American Ballet Theatre government director on fall return after Covid halt

The American Ballet Theater – the country’s national ballet company – has announced that it will return to the stage in New York City this October, a year after indoor performances were suspended due to Covid.

“We can’t wait to see ABT in the Lincoln Center theaters that are our home,” Kara Medoff Barnett, ABT’s executive director, told CNBC “Worldwide exchange” on Friday. “We know our New York fans are excited to see ABT performers back on stage.”

ABT has just completed a cross-country tour that took 20 of its 84 dancers along with 28 support crews to eight different states. The company has performed at socially distant outdoor venues, and Barnett said it will learn from the protocols it developed this summer to ensure a safe indoor season this fall.

“We want to continue our commitment to the safety of our artists, staff and viewers,” said Barnett. “That was certainly the most important thing when we planned our outdoor tour to keep the audience out while we have the summer sun.”

American Ballet Theater dancers perform the company premiere of “La Follia Variations,” choreographed by Lauren Lovette and costumes by Victor Glemaud, during a dress rehearsal for the American Ballet Theater’s production of “Uniting in Movement” at the Segerstrom Center for the Arts, Costa Mesa on Thursday, April 22, 2021.

Leonard Ortiz | MediaNews Group | Orange County Register via Getty Images

Since its last fall season in 2019, ABT has had to cancel its personal appearances and switch to digital programs, like many ballet companies across the country and worldwide.

Barnett said the pandemic was a time of adaptation and learning for the entire company. “We always think, especially in the last year and a half, what is Plan B, Plan C,” she added. “We are agile in more ways than one.”

During Lincoln Center season, which occurs the last two weeks of October, performances may require proof of vaccination or a negative Covid test, depending on guidelines from the Centers for Disease Control and Prevention. The tickets will be refunded by 12 noon on the day of the performance if there are last-minute changes for spectators.

“We work very closely with our Lincoln Center venues. We work very closely with our medical advisor. And we are determined to find ways that we can continue the mission of this company, which has been bringing extraordinary art to audiences for 81 years.” can track. ” “Barnett told CNBC.

Performances this season include the classical ballet “Giselle” as well as three of the 22 works developed over the past year while the dancers have been divided into 11 creative bubbles.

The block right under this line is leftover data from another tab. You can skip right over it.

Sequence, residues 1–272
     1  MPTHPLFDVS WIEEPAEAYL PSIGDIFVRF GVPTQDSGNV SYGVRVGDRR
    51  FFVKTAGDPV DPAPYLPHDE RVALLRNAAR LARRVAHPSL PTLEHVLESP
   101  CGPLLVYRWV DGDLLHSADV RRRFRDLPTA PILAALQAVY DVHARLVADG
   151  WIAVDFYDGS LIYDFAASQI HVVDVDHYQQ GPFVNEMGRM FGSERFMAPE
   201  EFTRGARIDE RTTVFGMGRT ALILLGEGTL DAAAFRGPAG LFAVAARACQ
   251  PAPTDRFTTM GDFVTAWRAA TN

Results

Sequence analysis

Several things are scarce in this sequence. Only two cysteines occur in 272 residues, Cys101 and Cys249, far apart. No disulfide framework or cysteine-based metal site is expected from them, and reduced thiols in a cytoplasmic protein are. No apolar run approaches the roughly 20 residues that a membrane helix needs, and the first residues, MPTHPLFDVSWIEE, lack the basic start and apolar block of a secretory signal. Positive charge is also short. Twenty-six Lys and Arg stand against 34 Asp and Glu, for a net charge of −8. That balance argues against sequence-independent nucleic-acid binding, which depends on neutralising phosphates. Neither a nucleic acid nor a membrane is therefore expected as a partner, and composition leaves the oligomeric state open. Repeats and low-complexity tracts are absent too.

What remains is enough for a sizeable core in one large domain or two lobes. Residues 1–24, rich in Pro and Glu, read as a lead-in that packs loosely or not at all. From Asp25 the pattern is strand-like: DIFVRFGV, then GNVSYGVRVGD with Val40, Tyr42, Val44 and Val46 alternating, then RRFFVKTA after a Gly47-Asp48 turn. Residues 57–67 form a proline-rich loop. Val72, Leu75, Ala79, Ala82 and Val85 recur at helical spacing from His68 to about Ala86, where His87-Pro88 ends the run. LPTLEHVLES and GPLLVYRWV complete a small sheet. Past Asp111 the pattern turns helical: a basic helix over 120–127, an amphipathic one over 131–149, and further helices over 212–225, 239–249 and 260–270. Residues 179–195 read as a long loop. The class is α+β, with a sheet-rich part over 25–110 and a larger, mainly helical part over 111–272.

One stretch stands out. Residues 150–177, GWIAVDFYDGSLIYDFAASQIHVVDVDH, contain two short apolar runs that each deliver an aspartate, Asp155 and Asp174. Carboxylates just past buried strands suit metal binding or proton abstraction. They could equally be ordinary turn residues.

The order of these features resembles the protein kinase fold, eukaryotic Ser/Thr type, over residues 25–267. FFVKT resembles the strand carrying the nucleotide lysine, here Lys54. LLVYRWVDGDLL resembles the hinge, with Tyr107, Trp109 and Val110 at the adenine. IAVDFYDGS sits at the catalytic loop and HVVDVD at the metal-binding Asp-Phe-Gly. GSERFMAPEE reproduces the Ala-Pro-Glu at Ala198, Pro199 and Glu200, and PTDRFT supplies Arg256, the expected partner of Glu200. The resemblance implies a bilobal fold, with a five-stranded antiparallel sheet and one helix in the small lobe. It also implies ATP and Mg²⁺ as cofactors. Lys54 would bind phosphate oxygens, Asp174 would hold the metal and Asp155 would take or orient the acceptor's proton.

“We’re bringing three of the works that were created in these residential bubbles to the New York audience to have their live premieres on stage,” said Barnett. “They had digital premieres, they had outdoor premieres all over the country – but now we’re bringing them to Lincoln Center.”

The “ABT Across America” ​​performances, which ended on Wednesday in New York City, were mostly free. But for a company that generated 36% of its revenue from ticket sales in 2018, the return of a full program is essential to future success and longevity.

Barnett isn’t worried about the recovery period and says she is very optimistic about the demand for live performances. “I think there is so much pent-up demand for the performing arts, so much pent-up demand for joint activities and experiences and the joy of celebrating together. In fact, I think we can assume we have the biggest audience we’ve had “seen in years.”

“We had 6,000 people, 8,000 people in these parks watching ballet under the stars,” added Barnett, referring to the cross-country tour. “I think the audience is ready, they missed us and they really want to come back.”

Ex-English Nationwide Ballet dancer convicted of intercourse crimes | Arts & Leisure

LONDON (AP) – A former English National Ballet dancer was convicted of sexually assaulting young dance students on Tuesday.

Yat-Sen Chang, 49, was convicted of 12 sexual assaults and one “penetration by penetration”. The offenses took place at the English National Ballet and Young Dancers Academy in London from 2009 to 2016 and involved four teenagers who were between 16 and 18 years old at the time.

The victims accused Chang of inappropriately touching her during the massages in the schools. During the trial, Chang said he had “no idea” why the allegations were made against him and that he had not touched any of the applicants in an inappropriate or sexual manner.

However, prosecutors described Chang as an internationally renowned ballet dancer who used his position to commit sexual offenses against young students he taught.

“Yat-Sen Chang used his position as a famous and trusted ballet teacher to groom and sexually assault teenage dancers during his training,” said Attorney General Mannid. “By the age of 20, Chang would have known that his behavior was grossly inappropriate and predatory.”

The jury condemned Chang, who was born in Cuba and now lives in the German port city of Kiel, after 13 hours of deliberations.

He was taken into custody to be sentenced on June 18.

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